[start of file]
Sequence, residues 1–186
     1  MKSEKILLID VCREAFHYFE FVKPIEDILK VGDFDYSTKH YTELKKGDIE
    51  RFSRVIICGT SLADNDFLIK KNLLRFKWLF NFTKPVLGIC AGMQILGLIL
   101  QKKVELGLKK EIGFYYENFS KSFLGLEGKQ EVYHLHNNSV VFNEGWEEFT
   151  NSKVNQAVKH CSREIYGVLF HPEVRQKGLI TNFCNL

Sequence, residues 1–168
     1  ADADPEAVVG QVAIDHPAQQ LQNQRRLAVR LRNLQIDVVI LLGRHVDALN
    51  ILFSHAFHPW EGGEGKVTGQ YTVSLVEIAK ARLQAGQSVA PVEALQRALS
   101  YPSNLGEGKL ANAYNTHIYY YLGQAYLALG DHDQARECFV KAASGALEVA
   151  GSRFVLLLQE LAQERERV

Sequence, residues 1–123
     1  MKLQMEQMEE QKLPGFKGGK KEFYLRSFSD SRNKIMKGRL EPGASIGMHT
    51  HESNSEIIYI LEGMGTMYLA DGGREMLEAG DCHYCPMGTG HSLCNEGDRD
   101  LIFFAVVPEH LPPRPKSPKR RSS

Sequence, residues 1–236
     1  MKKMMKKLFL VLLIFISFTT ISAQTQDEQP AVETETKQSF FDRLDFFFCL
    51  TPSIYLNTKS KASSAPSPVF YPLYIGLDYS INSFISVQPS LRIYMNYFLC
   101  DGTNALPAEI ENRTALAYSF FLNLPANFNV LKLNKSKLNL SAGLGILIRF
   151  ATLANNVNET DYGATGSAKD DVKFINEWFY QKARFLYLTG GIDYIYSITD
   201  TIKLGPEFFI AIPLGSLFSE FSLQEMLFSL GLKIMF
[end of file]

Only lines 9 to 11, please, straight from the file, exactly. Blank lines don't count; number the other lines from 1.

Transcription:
   101  YPSNLGEGKL ANAYNTHIYY YLGQAYLALG DHDQARECFV KAASGALEVA
   151  GSRFVLLLQE LAQERERV

Sequence, residues 1–123